• Eat/drink cranberries (watch out for added sugars to juice!!), cilantro, parsley, celery, asparagus and watermelon

  • Hydrotherapy

  • Castor oil packs over kidneys



  • Eat rhubarb, psyllium seed supplement, ground flax, oats, root and leaf vegetables, figs, prunes and apples (FIBER GOOD).

  • Home enemas (but not often, and be cautious)

  • Abdominal massage- always rub your belly in a clockwise fashion to support the route of digestion along the colon

  • Foot reflexology: your big toe is related to your head and neck (homunculus), so massaging the arch of your foot correlates with your digestive system- See video here

  • ALWAYS DRINK HALF YOUR WEIGHT IN WATER- important to drink more water when consuming more fiber. Think of it as a long pipe from your mouth to rectum- gotta move that bulk along..don't want any clogs!!

By doing these few things, and by DRINKING HALF YOUR WEIGHT IN WATER EVERY DAY, you will surely be doing your emunctories a favor. Every little bit helps, and Prevention is key.


Monday, December 14, 2009

Here We Come A-Wassailing...

This is the time of year where I look forward to indulging in my "favorite things." Most of them are provided by my mother, and some of them aren't even that good (like her German stollen or her canned fruit soaked in cheap whiskey). But then there's her lemon bars, spicy chex-mix, brandy slush and of course, WASSAIL.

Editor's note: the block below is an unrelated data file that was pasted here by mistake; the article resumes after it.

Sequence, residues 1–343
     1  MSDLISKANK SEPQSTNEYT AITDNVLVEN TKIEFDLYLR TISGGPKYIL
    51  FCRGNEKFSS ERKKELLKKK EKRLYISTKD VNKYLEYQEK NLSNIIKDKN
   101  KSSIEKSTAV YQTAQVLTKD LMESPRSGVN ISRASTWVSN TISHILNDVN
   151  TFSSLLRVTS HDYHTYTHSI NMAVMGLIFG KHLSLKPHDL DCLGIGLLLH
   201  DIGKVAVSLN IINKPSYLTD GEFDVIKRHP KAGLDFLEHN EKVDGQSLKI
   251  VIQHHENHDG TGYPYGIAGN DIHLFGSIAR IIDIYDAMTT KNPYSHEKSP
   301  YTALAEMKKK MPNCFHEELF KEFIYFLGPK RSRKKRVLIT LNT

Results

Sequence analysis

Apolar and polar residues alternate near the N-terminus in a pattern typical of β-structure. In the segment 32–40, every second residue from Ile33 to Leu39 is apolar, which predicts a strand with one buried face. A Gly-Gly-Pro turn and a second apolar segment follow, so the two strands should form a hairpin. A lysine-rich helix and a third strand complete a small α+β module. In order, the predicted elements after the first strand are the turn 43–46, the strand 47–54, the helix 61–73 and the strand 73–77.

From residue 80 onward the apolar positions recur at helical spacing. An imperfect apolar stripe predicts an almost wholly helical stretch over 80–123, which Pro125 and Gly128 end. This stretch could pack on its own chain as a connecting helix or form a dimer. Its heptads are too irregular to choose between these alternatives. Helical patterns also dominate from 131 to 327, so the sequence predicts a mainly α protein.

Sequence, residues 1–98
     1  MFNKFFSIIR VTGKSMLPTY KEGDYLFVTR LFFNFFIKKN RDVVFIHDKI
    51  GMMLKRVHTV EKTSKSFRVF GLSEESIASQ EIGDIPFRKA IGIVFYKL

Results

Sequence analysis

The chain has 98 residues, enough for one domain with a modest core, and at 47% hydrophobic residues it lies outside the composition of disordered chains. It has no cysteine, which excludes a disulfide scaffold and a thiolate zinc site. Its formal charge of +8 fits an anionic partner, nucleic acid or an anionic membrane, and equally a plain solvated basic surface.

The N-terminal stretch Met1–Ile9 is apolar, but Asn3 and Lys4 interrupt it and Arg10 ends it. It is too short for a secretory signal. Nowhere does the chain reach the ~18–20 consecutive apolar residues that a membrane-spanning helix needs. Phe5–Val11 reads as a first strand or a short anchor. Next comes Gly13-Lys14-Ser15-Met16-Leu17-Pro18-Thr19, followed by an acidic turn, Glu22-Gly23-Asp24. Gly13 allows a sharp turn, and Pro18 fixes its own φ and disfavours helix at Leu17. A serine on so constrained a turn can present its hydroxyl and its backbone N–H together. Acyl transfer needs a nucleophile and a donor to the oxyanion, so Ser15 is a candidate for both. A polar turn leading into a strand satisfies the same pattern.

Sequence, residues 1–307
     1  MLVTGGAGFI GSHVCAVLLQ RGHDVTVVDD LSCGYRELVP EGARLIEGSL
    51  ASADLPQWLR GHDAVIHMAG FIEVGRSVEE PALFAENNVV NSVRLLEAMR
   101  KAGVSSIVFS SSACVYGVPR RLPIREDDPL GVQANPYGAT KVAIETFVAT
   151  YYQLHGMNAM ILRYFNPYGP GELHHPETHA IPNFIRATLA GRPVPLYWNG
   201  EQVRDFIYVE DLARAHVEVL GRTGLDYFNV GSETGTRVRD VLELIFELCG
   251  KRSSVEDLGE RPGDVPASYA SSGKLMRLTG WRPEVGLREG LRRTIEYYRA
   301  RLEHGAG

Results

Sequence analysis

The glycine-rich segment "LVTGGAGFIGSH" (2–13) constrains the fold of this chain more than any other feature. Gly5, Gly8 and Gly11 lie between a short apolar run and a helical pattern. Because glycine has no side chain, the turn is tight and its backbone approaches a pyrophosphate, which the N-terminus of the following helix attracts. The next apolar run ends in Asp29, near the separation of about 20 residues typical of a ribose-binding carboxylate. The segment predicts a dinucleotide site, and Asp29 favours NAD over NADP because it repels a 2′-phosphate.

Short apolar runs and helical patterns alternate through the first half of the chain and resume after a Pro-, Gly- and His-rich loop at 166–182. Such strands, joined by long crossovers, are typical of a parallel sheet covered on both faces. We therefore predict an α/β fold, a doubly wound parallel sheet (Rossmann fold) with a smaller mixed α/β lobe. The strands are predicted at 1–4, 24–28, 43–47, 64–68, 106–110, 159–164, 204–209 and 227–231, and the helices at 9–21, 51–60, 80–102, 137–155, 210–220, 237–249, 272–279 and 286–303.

Wassail is a hot fruit juice drink that is perfect for warming up in -24'F Wisconsin weather while sitting by the fire. Not only is it heart-warming and delicious, it is also packed with herbs and spices that will surely spice up your immunity and cardiovascular health.

Sandy Birr's Recipe:

  • 4 cups oranic apple juice

  • 2 cups organic cranberry juice
  • 2 cups organic orange juice
  • 1/2 cup organic lemon juice
  • 1 tbsp Agave syrup or honey (optional)
  • 1-2 tsp cinnamon
  • 1-2 tsp nutmeg
  • 1 tsp cloves or allspice
  • cinnomon sticks (optional)
  • baked apples (optional)
  • 2 cans of beer or 1/2 cup whiskey & 1 beer (optional)

If baking apples, core them and place in pan with a 1/2 inch of water, bake at 250' for 1 hour til nice and mushy.